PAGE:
Thank you Heather for affirming that I spoke for you, and your experience. It’s going to take a lot to redress the balance but we’ll get there in the end! Jody x
Thank you jody. I feel so full of life still at age 59, but the exclusion I feel from even family and former friends who included me in a lot of events have totally excluded me and put me out to pasture already. I thought this wouldn’t happen to me till I was 80 and possible senile!
A very thoughtful response to articles littered with thoughtlessness. I agree with so many of the comments here and I didn’t hear spite from Jody just honesty from a perspective that too often goes unheard.
Eloquent article Jody. I’m sorry that my namesake is tone deaf. You are a women standing in her power and speaking truth. Why are women often called demeaning names like spiteful or bitter, yet a man is seen as being passionate or angry.
I didn’t find your article spiteful to mothers, I found it spoke to my heart. I can not count the amount of times I have been overwhelmed by baby talk, my feelings completely trampled and unacknowledged and I’ve pulled out a photo of my dogs. I do it to lighten my pain and to feel included. It’s never because I feel raising dogs is in anyway similar to raising children. In fact I feel caring for an animal who you will outlive and one day bury is an act of unconditional love.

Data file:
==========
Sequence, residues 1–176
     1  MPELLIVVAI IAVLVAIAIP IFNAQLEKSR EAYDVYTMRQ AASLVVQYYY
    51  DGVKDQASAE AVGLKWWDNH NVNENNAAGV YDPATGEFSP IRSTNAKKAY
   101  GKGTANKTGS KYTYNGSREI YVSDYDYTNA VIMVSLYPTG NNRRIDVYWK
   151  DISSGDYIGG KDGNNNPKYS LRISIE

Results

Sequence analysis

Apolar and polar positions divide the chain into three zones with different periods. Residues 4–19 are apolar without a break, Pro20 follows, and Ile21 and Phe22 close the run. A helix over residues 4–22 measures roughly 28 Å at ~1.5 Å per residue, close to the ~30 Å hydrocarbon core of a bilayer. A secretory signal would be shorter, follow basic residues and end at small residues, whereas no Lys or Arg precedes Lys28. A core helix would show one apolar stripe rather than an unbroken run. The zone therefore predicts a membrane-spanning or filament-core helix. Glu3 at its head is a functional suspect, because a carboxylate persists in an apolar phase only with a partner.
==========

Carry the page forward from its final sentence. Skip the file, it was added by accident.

Animals will never be able to verbally say I love you, thank you or buy us gifts for our birthday. They are completely dependent on us always. It’s a different relationship to a human child, but it’s not invalid. My dog Jami cared for me emotionally through years of infertility. I still cry when I think of him and how intuative he was to my feelings. I am sure he saved my life when it seemed death would be easy than living in this cruel pronatalist world.
Thank you Jody for speaking up for childless women. It’s comforting to know that you understand what it’s like to be excluded from conversations and also to be on the end of deliberate, cruel digs from ‘friends’.
Thank you Jody for being a real supporter for me.
Thank you for being a strong loud voice on this. #PronatalistPrivilege is everywhere – Mothers and others don’t see it because they are so tuned into it – it’s there, it’s real and it exists – it needs to change.
I find that they (women with children) don’t bother to even ask how I am. They all wrapped up in their world and in their self-importance.
Thank you Jody for this article. I have experienced a lot of #PronatalistPrivilege judgement and hope people can become more accepting of lifestyles outside of motherhood as being just as acceptable and equal in value.
Sorry Jody but to be honest, you’re using a preaching, spiteful tone here, how do you want to build any bridges that way?
I feel she’s affirming my experience, and that makes me feel less alone in this world.
I don’t understand what you mean Mina – I don’t find Jody’s tone spiteful or preaching in the least. I think she is concisely and clearly responding to thoughtless attitudes in both of these articles which are hurtful to many childless women.